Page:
Friday, February 29, 2008

Cortisone we thought

Yesterday, Jacob went in to Floating Hospital to have his Rheumatologist do a cortisone shot in his knee. Jake had to go under anesthesia for the injection and the draining of the fluid. We had arrived at Floatong at 12:00. Jacob had not ate anything all day because of the anesthesia. We checked in and saw the nurse. The nurse put a numbing cream on his hand to help with the IV. At about 2:00 he was brought back into the OR. I was able to be with him until he went under. Jake did not do to well with putting the IV in. It was heartbreaking to see him so scared and in pain. The procedure seemed rather quick. After it was done we followed the doctors into the recovery room. Dr. Lopez said that he wasn't able to do the injection because when he was draining the fluid there was blood in it!! He wasn't sure on why that would be. He said that it could be a possibiltiy that he hit a nerve going in. Or that he wasn't in the proper place. He also wondered if there was something going on besides the arthritis. He asked if Jacob had a trauma to the knee. My husband and I could not recall an incident. The doctor decided that he would order an MRI of the knee. This will be done next Wednesday at Floating. The MRI will rule out any trauma or anything else.

When Jacob woke from the anesthesia he was so happy that he did it! He was so brave. He said now that it's all done I will feel so much better. I was so heartbroken to have to tell him that after all he went through, that nothing was done! He was so upset that he wasn't going to feel any different. He was actually in more pain then he started with because of the poking around.

Sometime later that night, Jacob asked me if we could let the doctor try it again. After all he went through, he wanted to go back again to get rid of the pain he has.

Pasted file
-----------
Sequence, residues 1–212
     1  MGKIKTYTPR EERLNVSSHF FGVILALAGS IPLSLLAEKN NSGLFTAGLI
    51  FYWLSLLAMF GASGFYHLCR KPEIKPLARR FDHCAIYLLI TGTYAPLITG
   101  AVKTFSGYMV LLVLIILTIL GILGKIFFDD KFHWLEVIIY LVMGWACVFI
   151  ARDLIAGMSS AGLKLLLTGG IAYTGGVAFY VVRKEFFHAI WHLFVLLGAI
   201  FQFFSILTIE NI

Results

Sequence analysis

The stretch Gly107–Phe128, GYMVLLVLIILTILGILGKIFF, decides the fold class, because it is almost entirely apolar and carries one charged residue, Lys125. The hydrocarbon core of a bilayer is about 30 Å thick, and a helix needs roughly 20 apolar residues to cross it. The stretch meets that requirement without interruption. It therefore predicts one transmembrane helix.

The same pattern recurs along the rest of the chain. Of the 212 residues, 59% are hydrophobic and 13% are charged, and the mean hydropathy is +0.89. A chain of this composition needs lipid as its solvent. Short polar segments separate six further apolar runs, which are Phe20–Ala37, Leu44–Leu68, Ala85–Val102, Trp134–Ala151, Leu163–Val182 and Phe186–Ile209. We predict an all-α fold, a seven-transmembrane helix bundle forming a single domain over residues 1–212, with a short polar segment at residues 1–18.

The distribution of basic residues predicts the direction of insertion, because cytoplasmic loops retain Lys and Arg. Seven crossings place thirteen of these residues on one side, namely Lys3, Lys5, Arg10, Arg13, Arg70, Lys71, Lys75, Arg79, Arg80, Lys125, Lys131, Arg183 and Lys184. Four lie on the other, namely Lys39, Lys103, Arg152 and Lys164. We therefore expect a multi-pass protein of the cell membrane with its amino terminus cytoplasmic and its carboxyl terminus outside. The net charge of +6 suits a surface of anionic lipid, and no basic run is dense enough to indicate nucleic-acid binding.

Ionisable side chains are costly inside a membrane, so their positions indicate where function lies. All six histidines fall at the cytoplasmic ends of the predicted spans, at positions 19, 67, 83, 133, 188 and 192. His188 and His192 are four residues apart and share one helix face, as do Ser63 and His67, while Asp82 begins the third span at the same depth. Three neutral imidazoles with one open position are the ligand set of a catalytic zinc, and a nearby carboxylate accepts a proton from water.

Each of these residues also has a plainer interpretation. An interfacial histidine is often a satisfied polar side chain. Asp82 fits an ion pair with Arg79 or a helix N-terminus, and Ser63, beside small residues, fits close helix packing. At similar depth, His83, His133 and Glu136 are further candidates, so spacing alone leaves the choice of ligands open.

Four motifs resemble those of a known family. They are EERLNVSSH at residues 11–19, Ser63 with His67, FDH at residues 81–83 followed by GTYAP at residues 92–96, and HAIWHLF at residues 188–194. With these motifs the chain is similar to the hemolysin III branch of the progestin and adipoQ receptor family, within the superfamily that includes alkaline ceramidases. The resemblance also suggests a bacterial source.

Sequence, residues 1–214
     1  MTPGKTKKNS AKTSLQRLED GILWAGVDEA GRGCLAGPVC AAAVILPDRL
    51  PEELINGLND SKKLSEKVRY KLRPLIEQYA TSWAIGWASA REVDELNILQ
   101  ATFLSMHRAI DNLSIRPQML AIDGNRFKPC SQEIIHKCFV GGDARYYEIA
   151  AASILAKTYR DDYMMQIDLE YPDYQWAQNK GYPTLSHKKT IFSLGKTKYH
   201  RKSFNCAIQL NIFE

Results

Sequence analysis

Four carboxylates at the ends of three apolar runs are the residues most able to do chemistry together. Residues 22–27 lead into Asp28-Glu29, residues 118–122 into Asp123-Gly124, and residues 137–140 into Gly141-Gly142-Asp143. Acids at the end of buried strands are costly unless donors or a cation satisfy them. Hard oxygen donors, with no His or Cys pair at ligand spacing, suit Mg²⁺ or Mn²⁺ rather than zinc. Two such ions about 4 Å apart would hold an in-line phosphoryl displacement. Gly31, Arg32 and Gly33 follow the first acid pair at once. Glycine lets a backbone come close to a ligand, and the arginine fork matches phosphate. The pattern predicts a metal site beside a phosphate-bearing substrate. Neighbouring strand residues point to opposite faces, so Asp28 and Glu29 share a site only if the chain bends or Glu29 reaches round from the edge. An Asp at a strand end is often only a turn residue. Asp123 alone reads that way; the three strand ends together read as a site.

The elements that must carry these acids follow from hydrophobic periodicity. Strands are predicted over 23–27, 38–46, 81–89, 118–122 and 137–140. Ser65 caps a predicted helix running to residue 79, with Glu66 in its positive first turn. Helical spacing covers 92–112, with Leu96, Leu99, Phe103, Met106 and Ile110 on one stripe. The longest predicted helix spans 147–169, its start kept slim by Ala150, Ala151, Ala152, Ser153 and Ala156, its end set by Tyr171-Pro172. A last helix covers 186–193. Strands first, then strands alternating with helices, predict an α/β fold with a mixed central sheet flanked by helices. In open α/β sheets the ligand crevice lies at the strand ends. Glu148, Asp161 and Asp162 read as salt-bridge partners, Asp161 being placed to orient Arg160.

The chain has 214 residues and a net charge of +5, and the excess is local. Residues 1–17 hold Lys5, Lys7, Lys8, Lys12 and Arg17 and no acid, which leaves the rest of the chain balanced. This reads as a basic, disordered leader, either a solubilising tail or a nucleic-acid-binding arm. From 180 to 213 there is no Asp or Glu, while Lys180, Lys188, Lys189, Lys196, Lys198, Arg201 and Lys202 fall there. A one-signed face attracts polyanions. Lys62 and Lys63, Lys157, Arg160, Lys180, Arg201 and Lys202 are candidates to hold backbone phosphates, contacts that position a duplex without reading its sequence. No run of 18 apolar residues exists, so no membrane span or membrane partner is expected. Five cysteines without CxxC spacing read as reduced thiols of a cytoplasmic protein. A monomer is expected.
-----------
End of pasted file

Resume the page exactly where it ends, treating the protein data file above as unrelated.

It has been one long week. Next week we will be looking forward to seeing what is going on with the MRI. Oh, did I mention he will have to go through the IV again for the contrast during the MRI? The MRI is also scheduled at 8PM on a school night.
The next morning he has practice MCAS exams. He will be far from rested to take those!

Wednesday, February 27, 2008

Follow-up with Dr. Foster(eye doctor)

February 26th, 2008

We just had our 2 week follow-up with Dr. Foster in Cambridge. We had some great news today. Dr. Foster said that Jake's eye's were clear of all cells today! We informed him that we started on the Methotrexate this past Friday. Jacob is getting to be a pro at all of this! He even sat still for the awful glaucoma test. He does not like the feel of the numbing drops. His eye pressures were up to 24 in both eyes today. I guess anything between 10 and 20 is considered normal. The doctor said his eyes could handle this because he is young. It does need to be watched closely though. The new plan is going to be maintaining the drops at 6x a day through next week. Then tapering down a drop each week. This should bring us to the next appointment which is in 5 weeks. As far as I can understand he will be weaned slowly to see if the cells creep back up and it will give the Methotrexate time to kick in. His vision actually improved to 20/25 today. Which I think is normal for him. So as far as the Methotrexate goes... I think he may be slightly tired more than usual. And today he was not feeling well in the car on the way home from Cambridge. He had never been car sick before so I wonder if it is a little from the drug. Over all not too much will slow him down. He was still going full speed tonight(a school night) at 10:30PM!!!

Friday, February 22, 2008

Methotrexate therapy begins

Today is Friday February 22nd.... Last day of school vacation. Been kind of an exhausting week. Lots of stuff running through my head. I gave JAcob his first dose of the Methotrexate. At about 2:30. He took the four pills like a trooper. I have explained to him that he may not feel too well for a little while on them. It is about 6:45 pm right now. His little nose and cheeks are a little red. The pharmacist said that I may notice a little flushed skin tonight. Yup! Other than that he is doing okay. I don't really think too much will happen on the starting dose. Although, who knows. I will be watching him very carefully! Oh, the rheumatologist called back a little while ago. The cortisone injection is on Thursday. At 2:00!! The poor kid will be starving. He can't eat because of the anesthesia. So on Tuesday he has the eye appointment with Dr. Foster, then Thursday that. Should be a busy week. It's tough trying to do all this an work too! On Tuesday I am working a half day then I have to take off Thursday for the injection!